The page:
Posted 24th June 2021 | 6 Comments

Heathrow western access rail link ‘set to be mothballed’

PLANS to build a new west-facing connection from the Great Western Main Line into Heathrow Airport have been put back, according to Network Rail chief Andrew Haines.

The change is part of a review of the railway enhancements programme, after its £10.4 billion budget was cut by £1 billion in December. The longer-term implications for railways in general after the pandemic are also unclear.

Now a new ‘Rail Enhancements Pipeline’ is expected within the next few days, after months of discussions between Mr Haines and the Department for Transport to decide how economies can be made, although he has also pointed out that some money can be saved by modifying existing plans and using new technology.

A second scheme expected to be put on hold is upgrading the Brighton Main Line.

One factor in the case of the Heathrow western access is that it had depended in part on funding from the airport, which has been facing its own cash crisis after reductions in air travel.

Mr Haines said: ‘Some schemes will inevitably be changed or delayed due to the impact Covid has had on them. Likewise work on schemes such as the Brighton Main Line will be pushed back as the benefits from it won’t be felt for a long period.’

Reader Comments:

Views expressed in submitted comments are that of the author, and not necessarily shared by Railnews.

  • Terry Piper, Crewe

    Should have been done many years ago, T5 made it an essential link. Putting this in would save thousands of car journeys and help towards CO2 targets.
    Disappointing on so many levels!

  • Andrew Gwilt, Benfleet Essex

    What about the Heathrow Southern Link that the new spur line will go from Staines or Feltham to Heathrow Terminal 5. Has that also been “mothballed”??

  • Michael, Reading

    This raillink would greatly reduce the traffic on the M4 and M25!
    Therefore is should be a priority of the National Government.
    Has it been shelved due to vested interests in keeping as many cars a possible going to and from LHR every day?? Loss of parking fees, Loss of hotel rooms, etc.
    I live in Berkshire and my choices are:
    1. car to LHR - slow and stuck in congested traffic
    2. bus to LHR - slow and stuck in congested traffic
    3. taxi - slow and stuck in traffic
    4. rain to Paddington or Hayes and do a reverse back - time consuming
    5. train to LGW as it goes direct from RDG to LGW - takes longer but is a single train journey... would be better if the journey was less than 30 minutes.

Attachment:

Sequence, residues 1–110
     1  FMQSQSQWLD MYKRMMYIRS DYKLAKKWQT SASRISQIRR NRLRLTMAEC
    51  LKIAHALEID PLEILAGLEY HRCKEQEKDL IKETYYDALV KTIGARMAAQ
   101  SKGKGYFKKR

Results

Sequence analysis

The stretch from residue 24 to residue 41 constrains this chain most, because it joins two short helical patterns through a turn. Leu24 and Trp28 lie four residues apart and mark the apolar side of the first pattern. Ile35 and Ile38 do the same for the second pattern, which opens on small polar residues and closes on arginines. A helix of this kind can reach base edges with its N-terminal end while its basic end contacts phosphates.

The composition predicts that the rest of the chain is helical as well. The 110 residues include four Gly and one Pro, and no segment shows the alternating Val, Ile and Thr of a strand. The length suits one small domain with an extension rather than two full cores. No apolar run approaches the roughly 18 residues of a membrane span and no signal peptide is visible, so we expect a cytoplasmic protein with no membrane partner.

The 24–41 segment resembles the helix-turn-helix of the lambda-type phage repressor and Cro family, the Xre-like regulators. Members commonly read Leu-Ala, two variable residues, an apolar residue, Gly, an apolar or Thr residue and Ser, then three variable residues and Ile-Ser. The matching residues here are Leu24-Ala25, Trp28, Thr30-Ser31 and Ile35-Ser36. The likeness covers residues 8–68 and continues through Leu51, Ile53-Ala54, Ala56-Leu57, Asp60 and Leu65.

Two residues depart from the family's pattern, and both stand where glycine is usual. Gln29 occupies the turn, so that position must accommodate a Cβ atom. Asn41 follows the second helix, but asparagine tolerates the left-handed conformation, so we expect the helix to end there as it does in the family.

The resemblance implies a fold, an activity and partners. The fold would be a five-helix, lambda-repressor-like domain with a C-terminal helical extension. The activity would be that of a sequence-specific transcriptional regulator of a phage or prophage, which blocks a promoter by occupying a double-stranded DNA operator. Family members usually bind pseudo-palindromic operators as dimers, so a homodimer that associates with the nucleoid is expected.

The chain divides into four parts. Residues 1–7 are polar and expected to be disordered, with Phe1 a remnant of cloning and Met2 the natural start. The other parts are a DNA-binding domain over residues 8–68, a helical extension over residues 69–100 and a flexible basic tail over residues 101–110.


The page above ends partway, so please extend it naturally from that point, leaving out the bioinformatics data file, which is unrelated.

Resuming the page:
I am in Reading, there are millions who journey from the west and south-west who could benefit from easy trains either direct or a change at Reading, Oxford, Bristol etc.
    The few million it will cost for this project is peanuts, pocket change - Especially when considering the amounts 'wasted' by the tories on covid.

  • Nick Fowles, Todmorden

    Smoke and Mirrors. Get some announcements out about potential projects in the South being shelved to deflect criticism from deeper cuts to come in the North.
    The leveling up is as meaningless slogan to win votes.
    We better get ready for trundling around in clapped out old sprinters, on speed restricted lines into capacity constrained stations for the next decade plus.

  • david c smith, Bletchley

    This is unfortunate. Currently, Heathrow is well connected to Paddington and hopefully soon, to central London , but pretty poorly to the rest of the country, at least in terms of surface transport.

    For example, one possible development could have been to extend X Country services from Birmingham and points North to terminate at Heathrow rather than at Reading . There does, though, appear to be a debate at present re. on the one hand having a large "hub" airport , namely Heathrow , with other "satellites" around the country, or alternatively to develop these provincial airports to be able to host more direct international flights.

    I guess this decision will influence such projects as mentioned above.

  • Steve Alston, Crewe

    I don't know how some points and 540 metres of raised track through the Stockley Close Industrial estate on a curve comes to 10bn. Quick short fixes like these could be subbed out to foreign contractors with prefabricated infrastructure for a fraction the price.
    [The whole enhancements programme had a budget of 10.4bn, not the Heathrow link alone.--Ed.]